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SLC Mayoral Candidate Wants To Move Oil Refinery, Power Plant Out Of Salt Lake

Photo of power plant.
Nicole Nixon / KUER
Rocky Mountain Power’s Gadsby Power Plant in Salt Lake City.";

Salt Lake City mayoral candidate David Garbett says if elected, he will try to move an oil refinery and a power plant out of the Salt Lake Valley.

“If we want to do something about air quality, we have to stop thinking small,” Garbett said in an interview Wednesday. “We have to start thinking about those big steps that are actually going to make a difference.”

Garbett said air quality would be his top priority as mayor.

On Wednesday, the former lawyer for the Southern Utah Wilderness Alliance released an air quality plan which includes creating a city-wide clean air master plan and hiring more city attorneys to prosecute illegal polluters.

Photo of oil refinery.
Credit Brian Albers / KUER
The Marathon oil refinery is located in the northern part of Salt Lake City.

It also contains a pledge to incentivize the relocation of the Marathon oil refinery and Rocky Mountain Power’s Gadsby Plant away from the Salt Lake area.

Garbett acknowledged that the plan is ambitious and the incentives to get the companies to give up their properties could be costly.

“I can’t force them to [move], but I want the city to have that goal. Why not?” he said.

Garbett called the two facilities “some of our biggest polluters.” Industry accounts for about 13 percent of Utah’s total air pollution, according to UCAIR, a nonprofit focused on environmental quality.

He also pointed out that something similar has been done in Utah before, though not for exactly the same reasons.

“I got this idea from Utah Valley,” Garbett said. “Geneva Steel, one of the biggest polluters in the state, is no longer. They’ve been moved out of the valley. That area now is a place of substantial growth for housing and for commercial development.”

Geneva Steel wasn’t moved because of environmental concerns though. In 2001, following business losses, the mill laid off most of its workers before filing for bankruptcy a year later, according toa report by the Deseret News.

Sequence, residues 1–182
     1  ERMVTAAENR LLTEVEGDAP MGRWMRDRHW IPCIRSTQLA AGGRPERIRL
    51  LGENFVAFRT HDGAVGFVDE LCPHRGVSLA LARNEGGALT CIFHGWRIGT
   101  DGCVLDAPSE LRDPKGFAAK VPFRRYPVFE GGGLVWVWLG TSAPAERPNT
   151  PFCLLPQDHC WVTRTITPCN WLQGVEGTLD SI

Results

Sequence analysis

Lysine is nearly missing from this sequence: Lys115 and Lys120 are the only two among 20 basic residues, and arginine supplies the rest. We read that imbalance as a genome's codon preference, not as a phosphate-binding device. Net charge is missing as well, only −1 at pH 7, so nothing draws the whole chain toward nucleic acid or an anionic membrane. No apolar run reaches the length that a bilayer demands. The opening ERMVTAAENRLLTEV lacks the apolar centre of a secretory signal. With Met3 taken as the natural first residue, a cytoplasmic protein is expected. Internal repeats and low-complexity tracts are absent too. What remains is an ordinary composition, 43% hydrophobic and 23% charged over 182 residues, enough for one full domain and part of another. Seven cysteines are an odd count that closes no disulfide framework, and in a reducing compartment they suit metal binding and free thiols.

Garbett is inspired by the results though. Developers purchased the site, which now hosts millions of acres of retail, industrial and office space in the burgeoning city of Vineyard.

Other Salt Lake mayoral candidates were skeptical about Garbett’s plan to move the energy facilities.

In a statement, Councilwoman Erin Mendenhall she and “many, many others” have already looked at moving fossil fuel processors out of Salt Lake.

“Convincing a privately owned, properly licensed business to voluntarily leave the city could only begin with a mayor who has the political and technical experience to convene such a dialogue, including willing state partners,” Mendenhall said. “Such a move would almost certainly require tens of millions of city taxpayer dollars — something our residents should not be shouldered with alone. It’s something every candidate should want to do, but it’s not something any responsible candidate can or should promise.”

State Sen. Luz Escamilla applauded Garbett’s “ambitious agenda” and pointed to her own work on air quality in the Utah Legislature. She added: “I think it’s important to be realistic about cost and what can be accomplished so we see meaningful results for the residents of Salt Lake City, not pie in the sky promises during an election.”

Rainer Huck called Garbett’s plan “the typical heavy-handed, expensive, top down big government approach to solving problems that never work. All they succeed in doing is increasing taxes and regulations on our hard-working people, who are already overburdened.”

Huck said advancements in automotive technology will help cut air pollution in the coming years.

Businessman David Ibarra said it would be “fabulous” if the energy producers left Salt Lake City but is skeptical about the price tag, estimating it could cost close to a billion dollars to move the facilities and their infrastructure. 

“That’s a lot of money,” Ibarra said. “If we could do that and be successful, I’m all in, but not at the expense of the city paying for it all. If the cost is too great, let’s spend it on affordable housing.” 

Ibarra more affordable housing would bring new residents who already commute to Salt Lake City for work, which would cut down on car emissions.

Other mayoral candidates did not respond to a request for comment.

Nicole Nixon holds a Communication degree from the University of Utah. She has worked on and off in the KUER Newsroom since 2013, when she first joined KUER as an intern. Nicole is a Utah native. Besides public radio, she is also passionate about beautiful landscapes and breakfast burritos.
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